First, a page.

The Sermons of the Right Reverend Father in God, and Constant Martyr of Jesus Christ, Hugh Latimer, Some Time Bishop of Worcester – Volume 2


I have been working for some time at getting this work of Hugh Latimer up on the particularbaptist.com website. It was previously up on the site in conventional HTML, but that is no longer the case. With this work (and all current and future projects) I have posted the PDF file to Scribd and embedded the document from there into the website with a Scribd provided widget. The book is not yet complete, but as I add to the work revisions of it will be posted to Scribd and the widget automatically updated. The work is available for download via both the widget and at Scribd.

The page devoted to this work at particularbaptist.com within the site’s library simply known as ‘The Book Room,’ has also been updated and the format for it is the design I will now be using throughout The Book Room as books are added (or links to books at other sites). Obviously there is still a lot of work to be done throughout The Book Room, but work is progressing. The entire library site at particularbaptist.com is being overhauled and updated.

I am currently reading this second volume of sermons by Hugh Latimer as I work on the project. I have included a review on the page in The Book Room and this is what I have said there:

‘This book of sermons is like a trip into the past – a trip back to the English reformation. With this book it is possible to get a feel for the times in which the reformer Hugh Latimer walked. The sermons are of course locked into the period, with references to events well known then (and perhaps not so now) and framed in a manner unknown now.’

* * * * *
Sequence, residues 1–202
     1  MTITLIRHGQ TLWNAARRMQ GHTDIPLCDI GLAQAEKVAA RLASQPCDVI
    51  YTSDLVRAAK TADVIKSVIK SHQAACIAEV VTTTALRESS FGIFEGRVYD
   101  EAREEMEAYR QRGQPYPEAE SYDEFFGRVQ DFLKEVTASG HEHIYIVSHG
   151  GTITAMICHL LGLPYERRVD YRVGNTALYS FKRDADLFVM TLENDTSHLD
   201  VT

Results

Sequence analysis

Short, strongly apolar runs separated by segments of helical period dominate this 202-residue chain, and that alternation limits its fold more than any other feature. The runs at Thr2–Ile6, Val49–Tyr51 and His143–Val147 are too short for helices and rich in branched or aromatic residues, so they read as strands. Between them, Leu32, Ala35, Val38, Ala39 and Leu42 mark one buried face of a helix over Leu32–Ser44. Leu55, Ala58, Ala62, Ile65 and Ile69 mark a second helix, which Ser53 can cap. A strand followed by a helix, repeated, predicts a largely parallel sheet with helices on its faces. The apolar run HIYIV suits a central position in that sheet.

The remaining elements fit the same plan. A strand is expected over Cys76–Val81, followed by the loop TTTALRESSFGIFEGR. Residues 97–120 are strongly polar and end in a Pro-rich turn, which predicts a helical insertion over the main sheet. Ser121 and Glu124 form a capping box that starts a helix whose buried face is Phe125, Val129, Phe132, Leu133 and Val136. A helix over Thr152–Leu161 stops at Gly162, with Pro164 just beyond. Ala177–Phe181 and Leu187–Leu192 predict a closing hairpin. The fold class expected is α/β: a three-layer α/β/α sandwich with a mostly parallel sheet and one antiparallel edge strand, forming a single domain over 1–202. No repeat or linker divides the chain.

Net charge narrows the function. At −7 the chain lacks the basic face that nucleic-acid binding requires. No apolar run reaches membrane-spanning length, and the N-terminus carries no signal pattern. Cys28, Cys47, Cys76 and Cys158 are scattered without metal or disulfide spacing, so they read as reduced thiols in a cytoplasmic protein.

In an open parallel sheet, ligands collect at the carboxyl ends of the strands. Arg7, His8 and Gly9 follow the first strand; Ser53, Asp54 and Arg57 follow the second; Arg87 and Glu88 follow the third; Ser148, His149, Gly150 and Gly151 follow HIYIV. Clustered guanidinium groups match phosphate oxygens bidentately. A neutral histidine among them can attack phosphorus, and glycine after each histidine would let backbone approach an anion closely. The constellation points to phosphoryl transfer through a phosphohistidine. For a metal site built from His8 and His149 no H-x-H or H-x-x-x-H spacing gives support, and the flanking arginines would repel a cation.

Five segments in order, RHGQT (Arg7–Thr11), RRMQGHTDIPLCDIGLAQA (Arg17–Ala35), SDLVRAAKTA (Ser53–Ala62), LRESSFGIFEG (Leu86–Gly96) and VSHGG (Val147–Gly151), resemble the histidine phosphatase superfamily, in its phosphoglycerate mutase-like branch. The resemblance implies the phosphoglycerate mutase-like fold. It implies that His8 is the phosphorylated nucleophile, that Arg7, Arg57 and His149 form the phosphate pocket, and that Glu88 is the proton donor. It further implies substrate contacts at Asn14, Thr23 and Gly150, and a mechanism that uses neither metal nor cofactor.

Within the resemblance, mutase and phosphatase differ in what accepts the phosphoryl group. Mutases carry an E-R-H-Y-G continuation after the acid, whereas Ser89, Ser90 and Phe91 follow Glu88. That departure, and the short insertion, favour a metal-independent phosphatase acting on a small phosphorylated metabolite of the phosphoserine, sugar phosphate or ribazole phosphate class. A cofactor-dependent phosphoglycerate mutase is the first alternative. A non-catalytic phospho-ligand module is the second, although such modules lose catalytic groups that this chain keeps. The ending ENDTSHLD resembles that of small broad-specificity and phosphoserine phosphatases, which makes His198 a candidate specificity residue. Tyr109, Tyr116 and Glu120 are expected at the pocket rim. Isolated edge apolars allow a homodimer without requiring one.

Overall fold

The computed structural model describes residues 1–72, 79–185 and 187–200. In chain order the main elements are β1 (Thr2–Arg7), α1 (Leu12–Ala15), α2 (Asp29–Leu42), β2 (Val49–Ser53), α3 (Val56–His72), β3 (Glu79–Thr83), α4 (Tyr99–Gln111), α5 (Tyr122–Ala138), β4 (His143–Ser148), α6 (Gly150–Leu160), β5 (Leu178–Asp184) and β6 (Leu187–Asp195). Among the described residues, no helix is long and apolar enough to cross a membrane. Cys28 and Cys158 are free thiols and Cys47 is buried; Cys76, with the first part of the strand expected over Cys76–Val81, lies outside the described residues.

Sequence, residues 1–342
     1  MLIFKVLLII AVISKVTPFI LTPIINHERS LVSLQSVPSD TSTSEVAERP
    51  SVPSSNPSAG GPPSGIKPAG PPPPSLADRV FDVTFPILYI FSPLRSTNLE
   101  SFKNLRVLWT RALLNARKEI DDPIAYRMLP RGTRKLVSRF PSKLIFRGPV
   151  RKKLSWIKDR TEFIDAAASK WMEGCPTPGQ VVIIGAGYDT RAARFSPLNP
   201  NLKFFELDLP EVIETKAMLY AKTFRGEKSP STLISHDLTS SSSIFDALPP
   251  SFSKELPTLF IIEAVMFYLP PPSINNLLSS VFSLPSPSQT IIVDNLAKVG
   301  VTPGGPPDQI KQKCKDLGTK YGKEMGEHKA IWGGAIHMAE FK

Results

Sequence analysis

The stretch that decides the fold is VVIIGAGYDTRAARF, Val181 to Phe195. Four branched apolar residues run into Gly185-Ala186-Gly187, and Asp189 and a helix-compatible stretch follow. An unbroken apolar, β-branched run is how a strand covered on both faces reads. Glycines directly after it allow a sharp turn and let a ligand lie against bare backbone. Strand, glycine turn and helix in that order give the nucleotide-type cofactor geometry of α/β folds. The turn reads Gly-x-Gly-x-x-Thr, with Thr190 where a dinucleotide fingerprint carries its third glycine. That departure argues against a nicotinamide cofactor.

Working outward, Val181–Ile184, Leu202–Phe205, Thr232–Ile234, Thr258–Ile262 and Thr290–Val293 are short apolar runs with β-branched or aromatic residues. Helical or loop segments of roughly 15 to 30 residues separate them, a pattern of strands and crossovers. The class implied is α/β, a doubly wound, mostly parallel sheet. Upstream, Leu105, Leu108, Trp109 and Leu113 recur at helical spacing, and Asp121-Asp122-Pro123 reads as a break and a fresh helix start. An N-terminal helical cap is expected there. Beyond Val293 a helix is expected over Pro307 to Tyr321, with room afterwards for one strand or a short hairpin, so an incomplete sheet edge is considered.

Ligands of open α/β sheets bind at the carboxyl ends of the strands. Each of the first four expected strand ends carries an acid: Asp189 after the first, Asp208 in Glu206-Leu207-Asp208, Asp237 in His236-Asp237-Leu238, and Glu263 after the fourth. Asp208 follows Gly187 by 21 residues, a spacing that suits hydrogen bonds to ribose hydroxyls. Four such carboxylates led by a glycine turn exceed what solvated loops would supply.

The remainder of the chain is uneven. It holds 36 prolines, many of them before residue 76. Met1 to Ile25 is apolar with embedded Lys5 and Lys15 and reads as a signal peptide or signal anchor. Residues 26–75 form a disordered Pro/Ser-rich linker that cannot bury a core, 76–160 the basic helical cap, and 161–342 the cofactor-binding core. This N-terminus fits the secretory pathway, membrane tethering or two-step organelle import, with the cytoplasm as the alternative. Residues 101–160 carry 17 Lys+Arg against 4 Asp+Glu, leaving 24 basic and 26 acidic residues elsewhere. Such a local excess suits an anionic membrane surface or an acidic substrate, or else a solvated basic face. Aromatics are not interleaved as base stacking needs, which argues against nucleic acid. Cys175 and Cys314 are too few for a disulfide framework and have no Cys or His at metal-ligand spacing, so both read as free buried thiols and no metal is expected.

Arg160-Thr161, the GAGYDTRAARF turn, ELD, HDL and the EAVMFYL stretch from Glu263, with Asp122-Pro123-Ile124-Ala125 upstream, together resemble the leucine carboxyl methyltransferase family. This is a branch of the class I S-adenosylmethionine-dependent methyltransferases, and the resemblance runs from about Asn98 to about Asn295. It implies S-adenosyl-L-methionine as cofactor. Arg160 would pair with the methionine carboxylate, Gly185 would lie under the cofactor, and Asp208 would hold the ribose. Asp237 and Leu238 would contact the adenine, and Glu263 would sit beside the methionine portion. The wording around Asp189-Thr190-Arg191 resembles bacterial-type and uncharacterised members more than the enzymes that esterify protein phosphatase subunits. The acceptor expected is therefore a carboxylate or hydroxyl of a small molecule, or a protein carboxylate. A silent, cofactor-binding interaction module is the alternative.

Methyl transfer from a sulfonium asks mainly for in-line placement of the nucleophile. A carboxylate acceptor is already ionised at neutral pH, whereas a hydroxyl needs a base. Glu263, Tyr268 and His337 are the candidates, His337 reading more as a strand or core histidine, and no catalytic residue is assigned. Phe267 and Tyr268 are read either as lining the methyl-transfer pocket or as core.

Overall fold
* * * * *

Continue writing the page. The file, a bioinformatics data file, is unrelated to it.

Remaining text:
‘Though preached many years ago, I have found many of these sermons still profitable to my own walk with God now. They are well worth reading, though it must be said they can sometimes be a little difficult to stay with due to the cultural differences, language of the day, etc. Stick with it and these sermons will warm your heart.’

Visit this work online at:
http://particularbaptist.com/library/latimer_sermons_contents.html

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‘The Reformers and Their Stepchildren,’ by Leonard Verduin


As readers of this Blog would know, I have been reading ‘The Reformers and Their Stepchildren,’ by Leonard Verduin. I have now completed this book and maintain that this is a book that should be read by all Reformed believers. It is a brilliant treatment of both the Reformers and those who sought a more ‘radical’ reform, in order to bring the church back to that which was modelled on the New Testament example.

Verduin deals with many of the disputed areas between the Reformers and the Stepchildren, and in so doing shows how the Reformers chose to go only so far in their work of reformation and indeed how some chose to back peddle in some areas. As much as I respect many of the Reformers (if not all), I have always been saddened by their refusal to fully reform the church/separate from it, and to set up a church based on the New Testament model, which was something the stepchildren also sought. The Reformers treatment of the stepchildren will always be a blight on their legacy also.

Read this book without being biased either way and allow the truth of the Scriptures to determine the path on which you walk. There is much food for thought in this book and a real challenge for Reformed believers throughout.

‘The Reformers and Their Stepchildren,’ by Leonard Verduin


I have been reading ‘The Reformers and Their Stepchildren,’ by Leonard Verduin, in the last week or so. It is not the first time that I have read this book, having read it some time ago – probably 10 years ago now I would say.

This is a book that I would recommend to any believer, but particularly to a Reformed believer, whether he be Paedobaptist or Baptist. Verduin seeks to analyse the Reformation and the relationship between the Reformers and their ‘stepchildren’ from a Biblical standpoint, rather than any particular denominational standpoint. Though he does defend the stepchildren, he does so only when they are in line with Scriptural teaching on the point being discussed within that particular chapter.